Monday, 30 March 2009

The Side Kick in Martial Arts, Is it Effective?

The side kick is probably the most used kick when it comes to martial artists posing. Fighters who have good leg techniques love throwing a high side kick for cameras to take pictures of. It was one of the most used kicks by the late great Bruce Lee and if thrown correctly the power it can deliver is staggering. So why is it used so seldom by many of today’s martial artists?

Well, first of all, it is slightly slower than other more used kicks such as the roundhouse or front kick. When performed in a thrusting manner the whole leg is used to thrust the foot towards the target rather than swinging or snapping the leg like the other kicks. This makes it slightly slower and because of this, people tend to not use it as they can be easily countered.

Also, the side kick takes a large amount of training to become effective. Many months if not years is needed for one to obtain the correct technique for performing the kick and martial artists today are sometimes lazy to put in the time needed, wanting to become experts as quick as possible and choose to perfect other easier kicks instead.

The side kick is not an ineffective technique however. It is very useful and very powerful, but only if it is performed under the right circumstances. Below are a few suggestions on how it can be of value,

Use it sparingly – One of the few techniques where it is possible to use it again and again, constantly, is the jab. Every other technique must be used at the correct time. The side kick is no different. When the right time comes, use it. Many people use it way to often and when another technique is probably more acceptable.

Don’t use it to attack the opponent, rather as a counter or during a combination – As mentioned above, use the side kick sparingly. Some of the best times to use it are either as a stop hit counter strike or during a combination, attacking the head area with punches then thrusting a side kick low to your opponent’s legs or just above the hip.

Its best used as a thrust rather than a snap – A lot of people snap the side kick as opposed to thrusting it. By snapping, although it may be the quickest way to perform the kick, you lose a lot of power as the striking area, which is the foot travels in an arc fashion towards the target rather than in a straight line as with the thrust variation.

Strike with the heel rather than the blade or sole of the foot – The heel is one of the hardest striking weapons on the human body. Striking the heel is much more devastating than using the blade or sole of the foot and is safer. It is very easy to twist the ankle when striking with the blade. Also striking hard surfaces like the shin with the sole can be very painful.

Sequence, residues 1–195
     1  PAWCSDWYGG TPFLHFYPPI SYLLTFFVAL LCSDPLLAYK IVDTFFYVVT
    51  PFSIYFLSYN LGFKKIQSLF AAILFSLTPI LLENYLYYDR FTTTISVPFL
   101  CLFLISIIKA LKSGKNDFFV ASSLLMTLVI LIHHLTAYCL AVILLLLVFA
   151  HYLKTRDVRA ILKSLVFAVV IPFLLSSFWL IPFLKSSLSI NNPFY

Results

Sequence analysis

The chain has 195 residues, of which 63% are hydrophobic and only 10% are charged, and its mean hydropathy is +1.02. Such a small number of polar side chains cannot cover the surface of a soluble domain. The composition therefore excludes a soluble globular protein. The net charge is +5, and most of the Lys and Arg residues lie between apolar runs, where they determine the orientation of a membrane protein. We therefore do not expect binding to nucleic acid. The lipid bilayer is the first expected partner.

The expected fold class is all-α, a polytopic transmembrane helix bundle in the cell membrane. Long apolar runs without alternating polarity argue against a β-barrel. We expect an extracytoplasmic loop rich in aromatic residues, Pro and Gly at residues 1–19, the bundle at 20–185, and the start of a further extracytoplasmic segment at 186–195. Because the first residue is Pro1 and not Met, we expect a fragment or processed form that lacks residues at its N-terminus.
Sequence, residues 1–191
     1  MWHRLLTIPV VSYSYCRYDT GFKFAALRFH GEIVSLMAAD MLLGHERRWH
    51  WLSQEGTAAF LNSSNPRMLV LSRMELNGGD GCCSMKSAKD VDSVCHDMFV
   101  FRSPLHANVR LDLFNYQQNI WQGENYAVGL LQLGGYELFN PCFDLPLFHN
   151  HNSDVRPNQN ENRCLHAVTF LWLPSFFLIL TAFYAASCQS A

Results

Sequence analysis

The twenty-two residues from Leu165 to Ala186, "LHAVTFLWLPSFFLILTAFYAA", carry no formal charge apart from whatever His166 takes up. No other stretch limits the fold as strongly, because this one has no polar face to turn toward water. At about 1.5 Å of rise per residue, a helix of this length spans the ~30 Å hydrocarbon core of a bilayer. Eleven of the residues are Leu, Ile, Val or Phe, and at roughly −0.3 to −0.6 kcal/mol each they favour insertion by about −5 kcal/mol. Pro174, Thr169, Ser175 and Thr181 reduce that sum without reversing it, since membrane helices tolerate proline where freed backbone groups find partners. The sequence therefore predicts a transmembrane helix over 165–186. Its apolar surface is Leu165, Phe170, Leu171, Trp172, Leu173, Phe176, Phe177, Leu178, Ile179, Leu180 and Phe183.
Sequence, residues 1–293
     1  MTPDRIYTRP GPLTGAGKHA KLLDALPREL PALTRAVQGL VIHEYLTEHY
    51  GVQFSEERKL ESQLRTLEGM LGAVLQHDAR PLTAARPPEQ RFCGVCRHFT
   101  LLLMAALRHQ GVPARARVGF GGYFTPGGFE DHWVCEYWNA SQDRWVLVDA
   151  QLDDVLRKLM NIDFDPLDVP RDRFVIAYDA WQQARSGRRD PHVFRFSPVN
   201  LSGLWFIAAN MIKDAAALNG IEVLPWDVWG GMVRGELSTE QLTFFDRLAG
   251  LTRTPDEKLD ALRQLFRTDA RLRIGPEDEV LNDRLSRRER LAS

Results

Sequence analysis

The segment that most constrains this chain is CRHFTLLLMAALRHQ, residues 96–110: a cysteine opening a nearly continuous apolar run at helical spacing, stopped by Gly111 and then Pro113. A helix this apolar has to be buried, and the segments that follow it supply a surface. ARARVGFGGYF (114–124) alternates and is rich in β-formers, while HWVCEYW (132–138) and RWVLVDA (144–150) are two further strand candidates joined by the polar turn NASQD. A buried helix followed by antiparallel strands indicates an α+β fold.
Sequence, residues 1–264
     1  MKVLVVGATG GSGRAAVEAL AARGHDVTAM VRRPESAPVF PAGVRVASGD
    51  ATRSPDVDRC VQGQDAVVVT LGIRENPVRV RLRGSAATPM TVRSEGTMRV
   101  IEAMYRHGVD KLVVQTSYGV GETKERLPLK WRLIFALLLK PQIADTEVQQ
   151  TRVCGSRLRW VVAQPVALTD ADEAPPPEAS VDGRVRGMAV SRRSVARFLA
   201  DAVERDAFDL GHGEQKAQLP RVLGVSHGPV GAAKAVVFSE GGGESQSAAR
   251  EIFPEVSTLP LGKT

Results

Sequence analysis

Use the front leg – In order to perform a side kick with the back leg, one has to bring the kicking foot off the floor, bring the kicking leg in front of the body, pull the leg back then thrust the foot towards the target. This not only takes far too long but also exposes too many targets to the opponent allowing for easy counter attacks. By kicking with the front leg, these targets are not exposed and it is far quicker.

Strike low – To strike high, aiming towards the face may look impressive but is very unnecessary and by the time your foot reaches the target, your opponent will have easily moved out of the way as it is slow to perform compared to other kicks. For self defence purposes, kicking low is more advisable and effective as there are more easier targets to strike than high. In sport, a side kick to the torso, just above the hip can be very painful when using the methods outlined above.

The side kick requires the same amount of attention and patience as with any other technique. Be it a submission hold, a combination or a spinning roundhouse kick, they all require practise and experience through sparring. If one puts in the endless hours of practise with this technique, it can become useful for them and could be seen as one of the most effective techniques.


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Anonymous said...

Bruce Lee made it one of his primary weapons (especially in the form of a stop-kick to the opponent's knee), that says enough as far as I'm concerned. It's also great in the attack: if you start of with punches he'll most likely back away, this is the perfect time for a long-range, deeply penetrating weapon like the side-kick.

As with all kicks there's a simple rule: the higher the more difficult to execute and the more dangerous, the lower the safer and the more efficient.


Anonymous said...

My brother and me always use a punch or diversion to the face then hit with the side kick or reverse side kick to the mid-section or lower. It works well.

TaekwonPro said...

The sidekick being a slow kick is a common misconception. The sidekick can be a very fast kick, especially when executed with the lead leg

It is only slow if you train using the kick in a slow fashion or if it is not trained enough at all.

I enjoyed the part about NOT striking with the sole of the foot. It is mind boggling how many people were taught to strike the the sole of the foot rather than the feel.

Thank you for this informative post.

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